The next finger was of course the middle finger – one that Gerry said had been firmly pointed in his direction much of his life. Running at midnight was clearly a risky business and he had been arrested, shot at and screamed at countless times due to his unconventional training hours and methods. Still, back in the late 1950’s and early 1960’s there were no recreational runners and seeing a kid running fiercely at midnight clearly was an unusual sight and one that the local cops couldn’t help but respond to in their inimitable fashion. His broader point was that many will deride the distance runner and tell you either your knees will give out at age 30, or you are just plain crazy, but if you have belief in your own direction that should not deter you. The criticism of others was often based on fear of the unknown and their own insecurities rather than any substantiated fact or belief.
The ring finger was there to signify commitment – the commitment to hard work and training. The pain in your legs, the cold weather, the difficulty or misery in running, the injuries, were all part of that commitment.
Finally he held up his little finger. Gerry reminded us of the need for humility. Being small and insignificant that finger was to remind us that seeking greatness as a runner was not a good idea. Gerry had never sought greatness in that way – he left as a legacy countless records and amazing races, but his real legacy was his part in the running revolution where American distance runners finally believed they could be the best in the world. An illustration of this was his famous race against the soviets in the dual US/USSR meet in 1964 in Los Angeles. With the cold war at its height the Russians actively used sport to promote the notion that the “lazy Americans” would never beat them. That had been proved true on many an occasion. His training for the US/USSR meet saw him running 250 miles a week with workouts three times a day. A 15/18 mile run to work up appetite for breakfast, speed 440’s at lunch time to get some intensity in, then an easy 7 – 10 miler just before bed. With the eyes of the world on him, Gerry defied the odds and managed to beat two world class Russians, Ivanov and Dutov by a huge 150m lead. Instead of describing every detail of this heroic feat, he recounted being scared to death as he had expected not only to lose, but probably to get lapped by the Russians in the race. Only on his cool down did he realize that the ominous tap of spikes on cinder that haunted his every effort had been the echo of his own spikes, not the Russians closing in on him.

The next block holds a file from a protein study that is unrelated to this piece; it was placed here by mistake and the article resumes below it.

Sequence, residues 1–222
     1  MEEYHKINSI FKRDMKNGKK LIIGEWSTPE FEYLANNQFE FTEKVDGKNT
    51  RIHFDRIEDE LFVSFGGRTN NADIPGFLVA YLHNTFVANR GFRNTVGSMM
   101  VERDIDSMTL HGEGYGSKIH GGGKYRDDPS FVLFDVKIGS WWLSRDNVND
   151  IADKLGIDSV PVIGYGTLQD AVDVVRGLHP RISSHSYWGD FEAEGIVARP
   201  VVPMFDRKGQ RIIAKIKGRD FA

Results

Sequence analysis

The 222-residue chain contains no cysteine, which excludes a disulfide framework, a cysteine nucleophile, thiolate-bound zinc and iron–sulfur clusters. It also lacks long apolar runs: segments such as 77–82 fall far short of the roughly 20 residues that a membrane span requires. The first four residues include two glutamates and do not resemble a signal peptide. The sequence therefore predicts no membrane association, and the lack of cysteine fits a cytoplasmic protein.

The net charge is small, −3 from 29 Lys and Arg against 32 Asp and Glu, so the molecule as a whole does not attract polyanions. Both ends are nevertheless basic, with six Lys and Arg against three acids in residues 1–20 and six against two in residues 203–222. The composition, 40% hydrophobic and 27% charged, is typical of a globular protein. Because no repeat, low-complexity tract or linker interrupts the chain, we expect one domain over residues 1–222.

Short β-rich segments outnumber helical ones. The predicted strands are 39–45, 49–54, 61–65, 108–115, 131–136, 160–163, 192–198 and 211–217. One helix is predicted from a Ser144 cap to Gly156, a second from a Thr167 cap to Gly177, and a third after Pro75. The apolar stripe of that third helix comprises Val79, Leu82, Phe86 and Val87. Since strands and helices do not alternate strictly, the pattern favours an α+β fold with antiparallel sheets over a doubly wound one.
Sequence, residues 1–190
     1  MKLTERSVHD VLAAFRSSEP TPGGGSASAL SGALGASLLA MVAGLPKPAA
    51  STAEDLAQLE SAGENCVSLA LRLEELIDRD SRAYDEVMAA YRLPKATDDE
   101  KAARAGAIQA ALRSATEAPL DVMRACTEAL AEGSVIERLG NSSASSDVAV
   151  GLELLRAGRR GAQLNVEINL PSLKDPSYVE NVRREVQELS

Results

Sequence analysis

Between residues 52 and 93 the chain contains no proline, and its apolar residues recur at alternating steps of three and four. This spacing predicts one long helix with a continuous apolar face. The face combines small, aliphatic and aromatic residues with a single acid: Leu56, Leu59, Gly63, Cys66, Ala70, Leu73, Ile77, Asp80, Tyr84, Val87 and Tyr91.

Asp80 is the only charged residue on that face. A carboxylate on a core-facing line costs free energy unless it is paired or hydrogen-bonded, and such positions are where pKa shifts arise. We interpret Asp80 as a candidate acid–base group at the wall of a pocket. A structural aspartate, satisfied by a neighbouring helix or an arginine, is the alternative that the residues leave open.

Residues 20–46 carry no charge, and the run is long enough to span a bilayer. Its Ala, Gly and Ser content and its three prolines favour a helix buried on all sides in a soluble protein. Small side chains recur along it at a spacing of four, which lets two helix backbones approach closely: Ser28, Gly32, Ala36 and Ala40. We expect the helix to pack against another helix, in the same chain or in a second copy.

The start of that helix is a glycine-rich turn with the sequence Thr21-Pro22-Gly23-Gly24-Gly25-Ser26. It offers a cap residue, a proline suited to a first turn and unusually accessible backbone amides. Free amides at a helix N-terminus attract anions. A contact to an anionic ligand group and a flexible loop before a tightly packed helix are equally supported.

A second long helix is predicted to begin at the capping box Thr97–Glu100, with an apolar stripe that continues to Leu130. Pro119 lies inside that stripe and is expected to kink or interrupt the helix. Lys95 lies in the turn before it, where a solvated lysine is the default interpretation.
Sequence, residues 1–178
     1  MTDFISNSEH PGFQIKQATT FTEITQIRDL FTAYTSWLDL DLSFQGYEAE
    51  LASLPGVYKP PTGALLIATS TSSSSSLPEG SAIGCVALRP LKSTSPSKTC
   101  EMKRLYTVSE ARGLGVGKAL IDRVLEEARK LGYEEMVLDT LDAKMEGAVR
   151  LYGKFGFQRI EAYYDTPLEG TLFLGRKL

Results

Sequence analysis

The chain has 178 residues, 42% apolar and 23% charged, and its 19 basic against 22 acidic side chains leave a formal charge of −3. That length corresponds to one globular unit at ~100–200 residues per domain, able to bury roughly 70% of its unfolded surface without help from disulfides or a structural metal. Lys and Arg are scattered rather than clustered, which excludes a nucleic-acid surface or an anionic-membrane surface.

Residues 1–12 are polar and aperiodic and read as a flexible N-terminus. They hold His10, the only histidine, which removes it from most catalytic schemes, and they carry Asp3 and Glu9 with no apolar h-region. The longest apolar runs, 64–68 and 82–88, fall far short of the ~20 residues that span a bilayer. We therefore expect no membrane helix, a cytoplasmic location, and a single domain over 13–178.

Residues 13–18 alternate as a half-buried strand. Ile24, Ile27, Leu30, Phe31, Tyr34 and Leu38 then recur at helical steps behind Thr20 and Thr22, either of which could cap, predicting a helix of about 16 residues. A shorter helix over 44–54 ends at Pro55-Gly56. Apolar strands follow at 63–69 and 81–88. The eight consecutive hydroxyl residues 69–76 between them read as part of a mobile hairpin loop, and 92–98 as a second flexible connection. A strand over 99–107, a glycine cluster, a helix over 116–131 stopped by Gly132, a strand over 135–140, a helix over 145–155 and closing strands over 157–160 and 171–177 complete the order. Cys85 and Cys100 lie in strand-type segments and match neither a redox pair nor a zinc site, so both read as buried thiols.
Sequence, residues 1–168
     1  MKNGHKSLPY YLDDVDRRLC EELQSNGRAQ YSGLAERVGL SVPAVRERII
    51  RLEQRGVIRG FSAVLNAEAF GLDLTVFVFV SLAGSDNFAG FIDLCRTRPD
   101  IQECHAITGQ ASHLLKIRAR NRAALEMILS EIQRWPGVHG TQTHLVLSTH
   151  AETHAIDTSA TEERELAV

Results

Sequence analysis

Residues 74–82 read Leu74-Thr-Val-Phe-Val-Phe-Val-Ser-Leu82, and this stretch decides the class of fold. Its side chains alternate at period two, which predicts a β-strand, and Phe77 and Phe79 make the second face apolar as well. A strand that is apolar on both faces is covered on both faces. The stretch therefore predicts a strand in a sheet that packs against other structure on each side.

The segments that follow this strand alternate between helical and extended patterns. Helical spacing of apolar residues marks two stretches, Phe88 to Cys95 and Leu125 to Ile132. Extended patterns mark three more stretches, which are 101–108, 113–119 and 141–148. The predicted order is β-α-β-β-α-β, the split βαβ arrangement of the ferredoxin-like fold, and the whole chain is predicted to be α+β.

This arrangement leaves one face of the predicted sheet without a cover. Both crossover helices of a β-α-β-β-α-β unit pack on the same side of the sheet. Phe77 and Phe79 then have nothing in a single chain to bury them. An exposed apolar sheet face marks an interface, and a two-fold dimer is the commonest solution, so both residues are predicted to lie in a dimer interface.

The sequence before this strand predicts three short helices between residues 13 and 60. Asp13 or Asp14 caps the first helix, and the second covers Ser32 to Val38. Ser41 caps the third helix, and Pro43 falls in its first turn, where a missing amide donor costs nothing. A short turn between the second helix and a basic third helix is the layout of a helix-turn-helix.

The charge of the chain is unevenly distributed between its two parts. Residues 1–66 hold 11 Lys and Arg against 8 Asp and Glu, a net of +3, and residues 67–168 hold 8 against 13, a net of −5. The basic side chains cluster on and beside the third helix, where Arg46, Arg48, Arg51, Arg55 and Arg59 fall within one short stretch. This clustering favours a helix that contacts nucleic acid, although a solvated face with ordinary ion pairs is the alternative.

Gerry had crazy anecdotes such as nearly missing the USSR meet as he had got lost on a training run in LA just before the race. Wearing jean shorts, sweating profusely and miles from the meet point with his coach,he had doors slammed in his face every time he tried to borrow a phone, as he no doubt looked like a feverish addict rather than the accomplished athlete he had become. Despite being an Olympic athlete and NCAA champion he had been shot at by police who thought he was fleeing crime scenes and been arrested countless times in different towns for running at night. Here he was a guy in a leafy park in Hawaii park telling his stories to a group of kids.